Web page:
Regularly changing user PINs and passwords is essential to reduce the risk of security breaches. It's important to choose strong and unique passwords that are not easily guessed by attackers.
Enable Two-Step Verification for Printer Access
Two-factor authentication adds an extra layer of security to the printer, requiring users to provide additional information beyond a password to gain access. This could be in the form of a text message, a mobile app, or a security token.
Update Firmware and Security Patches
Keeping printer firmware up to date and installing security patches as soon as they become available is important for maintaining the security of printers. This ensures that known vulnerabilities are fixed and the printer is protected against the latest security threats.
Using encryption to protect sensitive data that is transmitted to or stored on the printer is critical. This can include using HTTPS, SSL, or TLS for web-based printing, or encrypting data sent to the printer using tools like IPsec or SNMPv3. Encryption helps to protect against data interception and theft by unauthorized users.
Turn on automatic log-off
Sometimes company’s forget that automatic log-off is an option. Double-check that your copier is set to go to sleep after a few minutes of non-use. While you’re at it, check that all users are automatically logged off.
Keeping someone logged in for more than a couple of minutes means all of the data and files they can access are at risk. It may feel like a hassle, but logging back in with a quick code or the swipe of a badge takes second compared to the risks not logging off will create.
As a final note on this topic, turning on automatic log-off doesn’t mean logging people off after 15-minutes. The timeline may work for sending the machine to sleep or power-saver mode to save electricity. However, it only takes a few moments for someone to collect their completed project. Set auto-log off for 2-3 minutes of quiet time to optimize security.
Control user access
This option is mentioned more often than just about any other option, but for good reason. It’s a valuable security tool that is rarely utilized to its full potential. Using the copier is a privilege. Assign access to staff with a usage code.
Some staff may be limited to black and white copies. Others may get access to color copies. And others may have full access, giving them the ability to access their projects from the hard drive and email their projects to outside vendors.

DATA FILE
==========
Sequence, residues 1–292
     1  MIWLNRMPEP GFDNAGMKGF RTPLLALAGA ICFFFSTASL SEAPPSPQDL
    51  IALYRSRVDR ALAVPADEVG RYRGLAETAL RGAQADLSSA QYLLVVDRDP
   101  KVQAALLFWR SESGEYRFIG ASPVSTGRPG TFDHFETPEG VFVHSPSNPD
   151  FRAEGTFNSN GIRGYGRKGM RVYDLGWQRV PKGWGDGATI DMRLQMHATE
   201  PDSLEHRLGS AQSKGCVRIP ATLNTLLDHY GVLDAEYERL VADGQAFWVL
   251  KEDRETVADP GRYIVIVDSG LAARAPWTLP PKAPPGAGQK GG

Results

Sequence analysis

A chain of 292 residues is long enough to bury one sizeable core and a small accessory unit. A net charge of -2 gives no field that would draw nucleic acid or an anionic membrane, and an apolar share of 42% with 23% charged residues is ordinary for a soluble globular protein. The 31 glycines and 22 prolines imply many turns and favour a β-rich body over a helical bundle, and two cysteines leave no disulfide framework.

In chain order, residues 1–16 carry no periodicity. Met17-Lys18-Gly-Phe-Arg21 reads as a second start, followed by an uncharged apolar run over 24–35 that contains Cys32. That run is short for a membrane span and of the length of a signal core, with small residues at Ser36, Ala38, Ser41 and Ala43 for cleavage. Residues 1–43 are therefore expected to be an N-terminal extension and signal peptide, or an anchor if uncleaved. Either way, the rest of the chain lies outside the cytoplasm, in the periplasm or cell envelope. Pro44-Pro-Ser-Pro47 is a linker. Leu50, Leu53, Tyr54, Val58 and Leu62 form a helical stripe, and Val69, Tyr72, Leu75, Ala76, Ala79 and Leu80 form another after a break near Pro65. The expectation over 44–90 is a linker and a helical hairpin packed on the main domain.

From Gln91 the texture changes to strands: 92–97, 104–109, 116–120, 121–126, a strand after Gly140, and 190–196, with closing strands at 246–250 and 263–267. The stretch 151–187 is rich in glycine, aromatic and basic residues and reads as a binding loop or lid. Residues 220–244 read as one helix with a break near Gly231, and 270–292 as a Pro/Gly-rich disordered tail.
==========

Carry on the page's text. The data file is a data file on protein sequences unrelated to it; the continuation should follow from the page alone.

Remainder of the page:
In addition, as mentioned above, users may need to have limited access to supplies and the actual copy room. If everyone needs access to the copy room, consider limiting access during after hours, holidays, and weekends.
You might even add motion sensors to detect off-hours usage. Then ask the security guard who does rounds to include the copy room in his daily walk-throughs.
Lastly, one of the reasons security measures fail is because the company institutes security measures but doesn’t follow-through to evaluate effectiveness through monitoring. Once a system is put in place, remember to evaluate its effectiveness.
Who is the process benefiting? Are there holes in the system that need to be monitored further, patched, or re-evaluated? Are security measures negatively affecting productivity or efficiency? If so, how can they be improved?
The feedback loop is an essential piece to any project, and security is no different. Remember to monitor and evaluate at regular intervals to ensure the best possible safety measures are in place for your company and the solutions that are needed most.
Final Thoughts on Printer Security
There’s so much that can be done to keep your organization secure. And, in many cases, there is so much that companies know they need to implement and just aren’t following through. Don’t let poor time management or a lack of security priorities keep you from successfully managing the best possible security measures for your company.
Keep your office equipment secure by ensuring limited access, turning on automatic log-off, and upgrading your copier to the latest software. Protect already printed documents. Control user access. And above all, monitor the processes that you put into place to ensure their effectiveness and fit for your company.
Printer security is of the utmost importance, not only for your company but for your staff, customer, clients, and even vendors. Implement solutions that make sense, initially. Then layer additional security measures over time.